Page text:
Following a credits song in which the singer sarcastically croons “I really want to be in L.A.,” wounded bank robber John (Clayne Crawford) stumbles into a convenience store, which is then immediately held up. And this is before he seeks solace at the house of a man who turns out to be a serial killer. Los Angeles is a city oft-mocked by filmmakers, and while The Perfect Host doesn’t feature many characters—ones that are flesh-and-blood, at least—it’s worth noting that each one is some varying degree of venal, if not batshit insane.
John has made off with a haul but also a deep gash on his foot, both situations having put him on the doorstep of condo-owner Warwick Wilson (David Hyde Pierce). Warwick, a neat-freak who initially seems right in line with most of Pierce’s repertoire, is prepping for a dinner party and seems blissfully oblivious to John’s lies about being a friend of a friend. But the tables turn far earlier than expected, and soon John has been drugged up and tied to a chair, discovering that his wouldbe-victim is a psychopath whose dinner guests are actually a fleet of imaginary friends.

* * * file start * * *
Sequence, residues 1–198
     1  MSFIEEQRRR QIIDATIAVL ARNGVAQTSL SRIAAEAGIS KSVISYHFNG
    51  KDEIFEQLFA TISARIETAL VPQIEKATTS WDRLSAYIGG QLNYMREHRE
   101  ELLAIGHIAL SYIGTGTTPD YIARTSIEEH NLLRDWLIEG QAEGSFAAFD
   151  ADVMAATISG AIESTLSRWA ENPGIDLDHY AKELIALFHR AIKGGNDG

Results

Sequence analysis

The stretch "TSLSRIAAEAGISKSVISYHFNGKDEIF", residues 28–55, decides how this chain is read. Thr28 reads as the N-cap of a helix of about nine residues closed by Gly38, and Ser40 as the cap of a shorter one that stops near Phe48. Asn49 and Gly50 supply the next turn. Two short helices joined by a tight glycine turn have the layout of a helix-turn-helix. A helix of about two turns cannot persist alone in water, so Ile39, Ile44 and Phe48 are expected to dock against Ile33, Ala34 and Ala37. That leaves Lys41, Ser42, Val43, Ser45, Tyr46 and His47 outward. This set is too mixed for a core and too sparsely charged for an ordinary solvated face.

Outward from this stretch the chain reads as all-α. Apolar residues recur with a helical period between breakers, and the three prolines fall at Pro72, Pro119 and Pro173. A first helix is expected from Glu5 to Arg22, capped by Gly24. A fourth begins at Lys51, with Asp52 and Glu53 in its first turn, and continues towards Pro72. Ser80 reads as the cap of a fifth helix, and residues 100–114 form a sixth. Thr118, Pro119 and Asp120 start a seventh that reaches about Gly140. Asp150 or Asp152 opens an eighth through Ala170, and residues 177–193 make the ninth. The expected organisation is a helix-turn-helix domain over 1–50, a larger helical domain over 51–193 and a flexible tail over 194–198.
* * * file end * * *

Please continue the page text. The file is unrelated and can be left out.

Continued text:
The feature debut of writer-director Nick Tomnay was expanded from a 2001 short, even if it usually feels as though it’s been transcribed from a play. Either way, and even acknowledging the way Warwick’s “friends” materialize and disappear from shot to shot, The Perfect Host manages to feel both stage-bound and under-realized; even having not seen the original, one can spot every padded-out addition as well as the moment when Tomnay ran out of ideas.
Regardless, here’s to perfect casting. Allowed a chance to burst out of his Niles Crane straightjacket - not to mention do some actual screen acting—Pierce dives in like a hunger striker who’s been awarded a lavish feast. Arching his eyebrows, overpronouncing his consonants, even breaking out into disco dance numbers, his is a giddy turn that renders everything around him irrelevant. Which works, as there’s nothing around him anyway.